Newt Dimswitch owns a small construction company in Chesapeake, Virginia. He often uses more than one construction crew, and has had a difficult time maintaining records on profit levels, cost controls, and other variables that are necessary in making business decisions. Newt somehow feels that the use of one of his construction crews is not proving as profitable as other crews when sent out on a job. To make some kind of intelligent estimate of profit levels Newt collects cost data for the crew in question for the last 28 jobs it completed.
Completion times, in hours, for the these jobs were 79, 83, 77, 81, 65, 92, 72, 71, 90, 79, 73, 70, 64, 91, 77, 80, 65, 85, 65, 89, 80, 65, 73, 78, 68, 88, 82, and 69. Newt must pay his crew a total of $112 per hour while it is on the job. This crew has bought in revenues on these jobs of $11200, 11700, 11500, 11100, 8300, 11000, 9900, 9400, 11500, 9200, 10200, 9100, 8400, 10300, 10900, 10900, 8300, 9700, 8600, 11200, 11200, 8600, 9200, 10900, 8700, 11100, 10400, and 8400.
Now that Newt has these data, he isn't sure what to do with them. He heard something about confidence intervals could be used to make estimates. Your job is to help poor Newt decide if this crew is profitable.
Note: Profit = Revenue - Cost
1. Enter the completion time data in one column. Use Time as your header. Select Stat > Basic Statistics > 1 - sample t... The variable is Time. This will yield a 95% confidence interval for the mean job completion time for this crew.
2. Determine the 95% confidence interval for cost of a job by this crew. (Hint: use interval from question 1) Show calculations
3. Enter the revenue data in one column. Use Revenue as your header. Select Stat > Basic Statistics > 1 - sample t... The variable is Revenue. this will yield a 95% confidence interval for the mean revenue for this crew.
4. Now, is this crew making a profit? Determine the 95% confidence interval for
profit. (Hint: use intervals from questions 2 & 3). Show calculations.
This solution is comprised of a detailed explanation of confidence interval using excel. In this solution, step-by-step explanation of this complicated topic provides students with a clear perspective of confidence interval using excel.
Statistics: Tweens, Rainfall, Body Temperature
When it comes to advertising, "'tweens" are not ready for the hard line messages that advertisers often use to reach teenagers. The Geppeto Group study found that 78% of 'tweens understand and enjoy ads that are silly in nature. Suppose that the study involved n = 1030 'tweens.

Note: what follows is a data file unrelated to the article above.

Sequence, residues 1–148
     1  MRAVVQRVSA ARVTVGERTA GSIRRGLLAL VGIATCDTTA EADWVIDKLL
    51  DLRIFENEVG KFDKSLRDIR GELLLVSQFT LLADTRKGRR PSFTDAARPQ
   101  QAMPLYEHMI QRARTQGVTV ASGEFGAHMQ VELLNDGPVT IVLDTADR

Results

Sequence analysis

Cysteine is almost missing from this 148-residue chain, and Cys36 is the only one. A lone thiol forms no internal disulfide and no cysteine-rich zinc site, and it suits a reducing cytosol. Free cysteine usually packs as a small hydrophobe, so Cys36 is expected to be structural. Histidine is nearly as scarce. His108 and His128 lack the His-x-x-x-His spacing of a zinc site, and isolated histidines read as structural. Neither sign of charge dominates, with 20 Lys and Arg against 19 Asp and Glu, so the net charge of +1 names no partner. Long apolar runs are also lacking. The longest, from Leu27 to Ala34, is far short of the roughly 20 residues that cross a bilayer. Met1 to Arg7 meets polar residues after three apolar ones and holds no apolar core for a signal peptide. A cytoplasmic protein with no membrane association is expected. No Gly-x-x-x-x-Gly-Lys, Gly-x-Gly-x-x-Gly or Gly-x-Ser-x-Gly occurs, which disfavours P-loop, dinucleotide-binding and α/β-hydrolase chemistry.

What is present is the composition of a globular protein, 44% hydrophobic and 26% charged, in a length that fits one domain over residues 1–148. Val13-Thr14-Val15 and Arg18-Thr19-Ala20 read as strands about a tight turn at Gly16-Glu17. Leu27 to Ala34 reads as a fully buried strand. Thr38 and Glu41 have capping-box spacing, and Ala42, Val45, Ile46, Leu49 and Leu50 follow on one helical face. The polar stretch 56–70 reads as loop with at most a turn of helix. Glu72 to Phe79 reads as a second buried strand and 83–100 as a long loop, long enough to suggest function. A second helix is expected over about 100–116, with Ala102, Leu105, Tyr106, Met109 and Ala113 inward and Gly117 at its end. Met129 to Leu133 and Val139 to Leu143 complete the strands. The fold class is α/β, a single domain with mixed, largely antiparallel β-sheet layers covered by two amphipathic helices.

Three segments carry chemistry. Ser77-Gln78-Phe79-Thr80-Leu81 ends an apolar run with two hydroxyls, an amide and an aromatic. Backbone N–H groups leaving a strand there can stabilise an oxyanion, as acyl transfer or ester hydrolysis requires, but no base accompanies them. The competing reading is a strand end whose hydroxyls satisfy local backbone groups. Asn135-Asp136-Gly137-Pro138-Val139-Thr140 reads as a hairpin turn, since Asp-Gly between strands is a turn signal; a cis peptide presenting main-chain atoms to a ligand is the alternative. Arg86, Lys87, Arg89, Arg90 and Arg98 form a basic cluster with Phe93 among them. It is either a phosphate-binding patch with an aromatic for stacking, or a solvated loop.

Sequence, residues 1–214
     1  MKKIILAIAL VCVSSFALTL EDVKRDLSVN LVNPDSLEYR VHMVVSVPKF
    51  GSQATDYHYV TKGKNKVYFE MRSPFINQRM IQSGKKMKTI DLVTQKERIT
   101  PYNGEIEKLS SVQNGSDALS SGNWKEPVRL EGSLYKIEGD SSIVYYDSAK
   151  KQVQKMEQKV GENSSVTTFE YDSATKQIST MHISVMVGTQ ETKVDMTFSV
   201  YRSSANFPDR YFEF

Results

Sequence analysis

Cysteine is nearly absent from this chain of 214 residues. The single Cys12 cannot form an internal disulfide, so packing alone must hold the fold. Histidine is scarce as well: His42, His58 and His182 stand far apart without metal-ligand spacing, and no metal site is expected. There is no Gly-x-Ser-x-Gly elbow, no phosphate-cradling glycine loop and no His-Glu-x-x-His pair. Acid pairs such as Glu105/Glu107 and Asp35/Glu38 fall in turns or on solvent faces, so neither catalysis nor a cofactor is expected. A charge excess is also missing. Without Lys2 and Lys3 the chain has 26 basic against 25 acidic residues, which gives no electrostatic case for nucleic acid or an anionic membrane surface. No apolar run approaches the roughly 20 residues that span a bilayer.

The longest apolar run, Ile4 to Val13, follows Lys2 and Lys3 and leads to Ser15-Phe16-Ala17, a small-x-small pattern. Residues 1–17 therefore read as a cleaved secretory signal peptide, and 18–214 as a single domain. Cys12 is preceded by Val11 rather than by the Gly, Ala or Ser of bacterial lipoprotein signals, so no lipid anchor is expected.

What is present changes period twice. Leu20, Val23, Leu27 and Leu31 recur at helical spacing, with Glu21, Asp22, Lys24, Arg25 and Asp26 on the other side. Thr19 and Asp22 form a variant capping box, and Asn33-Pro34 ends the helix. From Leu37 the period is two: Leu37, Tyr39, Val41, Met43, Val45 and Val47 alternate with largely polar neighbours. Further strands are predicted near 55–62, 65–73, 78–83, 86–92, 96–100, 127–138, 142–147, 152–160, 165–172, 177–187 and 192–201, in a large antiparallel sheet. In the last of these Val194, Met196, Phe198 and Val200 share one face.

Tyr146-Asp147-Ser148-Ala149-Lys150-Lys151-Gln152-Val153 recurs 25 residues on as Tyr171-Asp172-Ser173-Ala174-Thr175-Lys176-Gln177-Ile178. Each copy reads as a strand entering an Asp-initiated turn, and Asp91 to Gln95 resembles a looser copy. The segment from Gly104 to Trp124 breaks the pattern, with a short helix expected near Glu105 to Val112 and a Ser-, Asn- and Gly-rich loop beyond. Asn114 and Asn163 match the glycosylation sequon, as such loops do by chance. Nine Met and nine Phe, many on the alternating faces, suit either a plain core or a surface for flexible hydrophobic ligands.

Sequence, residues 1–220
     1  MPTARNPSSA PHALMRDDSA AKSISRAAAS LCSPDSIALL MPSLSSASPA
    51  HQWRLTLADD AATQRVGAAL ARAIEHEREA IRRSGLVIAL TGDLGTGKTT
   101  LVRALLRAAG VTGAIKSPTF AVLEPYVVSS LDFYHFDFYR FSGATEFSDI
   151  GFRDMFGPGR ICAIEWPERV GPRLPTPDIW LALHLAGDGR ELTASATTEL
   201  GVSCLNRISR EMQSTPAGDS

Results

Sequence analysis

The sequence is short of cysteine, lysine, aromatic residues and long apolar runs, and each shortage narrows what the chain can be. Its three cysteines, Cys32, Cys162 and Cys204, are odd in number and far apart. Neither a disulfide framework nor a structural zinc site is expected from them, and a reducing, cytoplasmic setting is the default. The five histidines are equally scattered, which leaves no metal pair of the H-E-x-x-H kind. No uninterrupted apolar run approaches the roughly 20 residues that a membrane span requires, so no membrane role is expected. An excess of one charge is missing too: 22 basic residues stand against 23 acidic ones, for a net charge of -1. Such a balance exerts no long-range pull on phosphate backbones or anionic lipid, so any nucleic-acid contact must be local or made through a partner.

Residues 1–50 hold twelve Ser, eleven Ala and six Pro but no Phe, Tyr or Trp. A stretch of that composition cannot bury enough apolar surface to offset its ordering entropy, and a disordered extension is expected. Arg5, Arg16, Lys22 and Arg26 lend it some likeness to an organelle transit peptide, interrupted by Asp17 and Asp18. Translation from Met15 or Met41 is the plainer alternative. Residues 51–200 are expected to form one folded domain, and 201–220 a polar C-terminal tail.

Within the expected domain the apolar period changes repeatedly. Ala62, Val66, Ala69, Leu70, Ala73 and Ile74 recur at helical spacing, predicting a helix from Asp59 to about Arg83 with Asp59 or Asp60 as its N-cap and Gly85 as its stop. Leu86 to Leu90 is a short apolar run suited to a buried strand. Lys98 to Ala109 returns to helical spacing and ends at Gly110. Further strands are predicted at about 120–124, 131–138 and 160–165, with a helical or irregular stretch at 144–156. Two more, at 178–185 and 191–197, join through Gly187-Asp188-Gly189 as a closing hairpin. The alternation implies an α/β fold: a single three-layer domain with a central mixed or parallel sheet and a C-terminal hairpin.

a. Construct a 90% confidence interval for the proportion of 'tweens who understand and enjoy ads that are silly in nature.
b. Do you think that "more than 75%" of all 'tweens enjoy ads that are silly in nature? Why?
What is the normal body temperature for healthy humans? A random sample of 130 healthy human body temperatures provided by Allen Shoemaker yielded x (with a line over it) =98.25 degrees and standard deviation 0.73 degrees.
a. Give a 99% confidence interval for the average body temperature of healthy people.
b.Does the confidence interval obtained in part (a) contain the value 98.6 degrees, the accepted average temperature cited by physicians and others? What conclusions can you draw?
Refer to Exercise 1. How many 'tweens should have been interviewed in order to estimate the proportion of 'tweens who understand and enjoy ads that are silly in nature, correct to within .02, with probability .99? Use the proportion from the previous sample in approximating the standard error of the estimate.
Suppose that you want to estimate the mean pH of rainfalls in an area that suffers from heavy pollution due to the discharge of smoke from a power plant. Assume that - is in the neighborhood of .5 pH and that you want your estimate to lie within .1 of ? with probability near .95. Approximately how many rainfalls must be included in your sample (one pH reading per rainfall)? Would it be valid to select all of your water specimens from a single rainfall? Explain.
Although there are many treatments for bulimia nervosa, some subjects fail to benefit from treatment. In a study to determine which factors predict who will benefit from treatment, Wendy Baell and E. H. Wertheim found that self-esteem was one of the important predictors. The mean and standard deviation of post treatment self esteem scores for n = 21 subjects were x (with a line over)= 26.6 and s = 7.4, respectively. Find a 95% confidence interval for the true post treatment self esteem scores.